The Difficulties of Disciplining a Child With Special Needs

The Difficulties of Disciplining a Child With Special Needs -, -
2 min read


How do I discipline my son with special needs?

Over the years, disciplining or correcting Nate has been a difficult task for me. Deciding what was the proper method, left me frustrated. I simply didn’t know what to do since my son is intellectually disabled. I always believed that his level of understanding was limited, and disciplining him was not possible.

While raising Nate, we had an overwhelming time controlling his behavior. There were times he would lash out at me and anyone who encountered him. When he would hit, it was as if he knew he was causing someone pain. Then afterward, he would put his head on my lap as his way of saying that he was sorry. This would make me question if my son “knew better” and could determine that his actions were wrong.

I have often sat crying in frustration, wondering what to do. So, I went to counseling for help. I was given the bible verse, “spare the rod, spoil the child.” In this case, I didn’t agree that a “rod” was the correct form of discipline for a child that is intellectually disabled. Actually it is not!

So, I went on a mission to find help for my child. I wanted a plan for Nate that would address his individual needs. So my son was assessed and immediately following he was given a Behavior Specialist that developed a plan with strategies and a reward system. Nate also had a Therapeutic Support Staff (TSS worker) at home and at school to aid with eliminating the unwanted behaviors.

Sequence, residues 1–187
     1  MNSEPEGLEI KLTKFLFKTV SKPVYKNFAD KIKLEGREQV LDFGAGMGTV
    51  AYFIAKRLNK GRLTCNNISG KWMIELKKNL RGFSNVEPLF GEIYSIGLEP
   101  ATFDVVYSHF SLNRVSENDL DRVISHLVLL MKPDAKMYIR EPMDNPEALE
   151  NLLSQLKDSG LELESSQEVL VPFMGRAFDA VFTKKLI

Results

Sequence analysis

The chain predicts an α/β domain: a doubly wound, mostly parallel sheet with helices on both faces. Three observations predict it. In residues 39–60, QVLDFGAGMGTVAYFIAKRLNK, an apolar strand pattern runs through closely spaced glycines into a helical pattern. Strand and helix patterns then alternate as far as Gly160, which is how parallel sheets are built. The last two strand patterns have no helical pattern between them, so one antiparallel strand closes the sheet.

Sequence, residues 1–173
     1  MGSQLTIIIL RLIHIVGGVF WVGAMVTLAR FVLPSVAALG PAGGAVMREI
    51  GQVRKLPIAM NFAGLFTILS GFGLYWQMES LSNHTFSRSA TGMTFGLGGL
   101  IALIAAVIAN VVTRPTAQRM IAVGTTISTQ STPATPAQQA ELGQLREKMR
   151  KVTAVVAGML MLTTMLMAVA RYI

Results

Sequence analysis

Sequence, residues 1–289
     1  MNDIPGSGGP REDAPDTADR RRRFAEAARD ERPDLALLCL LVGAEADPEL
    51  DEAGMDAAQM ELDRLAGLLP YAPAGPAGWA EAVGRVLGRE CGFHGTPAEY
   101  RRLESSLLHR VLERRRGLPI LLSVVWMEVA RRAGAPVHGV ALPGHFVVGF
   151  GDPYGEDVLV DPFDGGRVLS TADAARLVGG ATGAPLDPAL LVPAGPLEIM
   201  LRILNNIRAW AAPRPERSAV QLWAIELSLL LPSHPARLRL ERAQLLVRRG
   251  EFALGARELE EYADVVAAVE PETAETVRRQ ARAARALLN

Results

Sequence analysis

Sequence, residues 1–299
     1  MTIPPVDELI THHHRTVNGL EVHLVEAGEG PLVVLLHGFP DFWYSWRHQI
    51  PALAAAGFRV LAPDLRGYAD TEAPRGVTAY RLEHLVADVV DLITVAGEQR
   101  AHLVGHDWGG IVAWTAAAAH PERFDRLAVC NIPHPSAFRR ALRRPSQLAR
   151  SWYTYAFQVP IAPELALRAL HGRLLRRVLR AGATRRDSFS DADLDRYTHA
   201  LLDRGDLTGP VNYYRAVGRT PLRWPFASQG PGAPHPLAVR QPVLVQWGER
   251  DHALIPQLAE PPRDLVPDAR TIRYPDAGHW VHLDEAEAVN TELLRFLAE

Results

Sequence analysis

Through the years there was some success with these programs. However, it did not completely end Nate’s problems. It continues to be a work in progress.

As Nate has grown older, I realized that disciplining or correcting a child with special needs is not easy.  It requires a lot of patience. Sometimes I had to show Nate a millions times (exaggerated) that his behaviors were wrong, which can be frustrating. At other times, it felt as if this was all in vain and it was not working.

Then there were the times that I noticed a difference. Nate was correcting himself.  He was calmer and not lashing out as often. These moments made my heart smile.  And I began to understand that no matter how frustrating it was or how many times I had to redirect him….helping my son was well worth it. - -






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  1. 1

    I cannot even imagine the challenge. Finding a way to discipline kids without special needs is difficult enough, with a bazillion contradictory ideas out there. I am so glad you didn’t listen to the spare the rod notion.

  2. 3

    I can imagine each instance being unique. With ADHD and BPD consistency was sometimes helpful, but not always. I deeply appreciate your candid insight.

  3. 5
    Gina Paquet

    Kudos to you, Charlene! I am in a similar situation, and it does require so much patience; patience that we just don’t have some days. I’m glad you see progress. I speak from experience when I say that maturity helps eventually, as well. And by the way, it has been explained to me that “spare the rod, spoil the child” doesn’t necessarily mean spanking or physical punishment, but the rod could refer to a shepherd’s staff, as a means of guiding children in the right direction as you would a heard of sheep. I like that explanation better; especially when dealing with kiddos with special challenges.

    • 6

      Yes, I like that explanation better, “but the rod could refer to a shepherd’s staff, as a means of guiding children in the right direction as you would a heard of sheep.” Thank you for sharing that and thank you for reading and commenting. 🙂

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